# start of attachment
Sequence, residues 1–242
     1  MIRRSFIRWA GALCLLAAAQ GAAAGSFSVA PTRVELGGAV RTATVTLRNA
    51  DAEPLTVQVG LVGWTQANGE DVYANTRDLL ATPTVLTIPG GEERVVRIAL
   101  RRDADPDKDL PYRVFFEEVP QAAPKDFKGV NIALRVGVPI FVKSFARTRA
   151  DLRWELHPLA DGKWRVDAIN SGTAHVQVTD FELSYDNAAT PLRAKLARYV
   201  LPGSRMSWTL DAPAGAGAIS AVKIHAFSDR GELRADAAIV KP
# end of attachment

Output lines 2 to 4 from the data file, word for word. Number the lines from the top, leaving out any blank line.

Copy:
     1  MIRRSFIRWA GALCLLAAAQ GAAAGSFSVA PTRVELGGAV RTATVTLRNA
    51  DAEPLTVQVG LVGWTQANGE DVYANTRDLL ATPTVLTIPG GEERVVRIAL
   101  RRDADPDKDL PYRVFFEEVP QAAPKDFKGV NIALRVGVPI FVKSFARTRA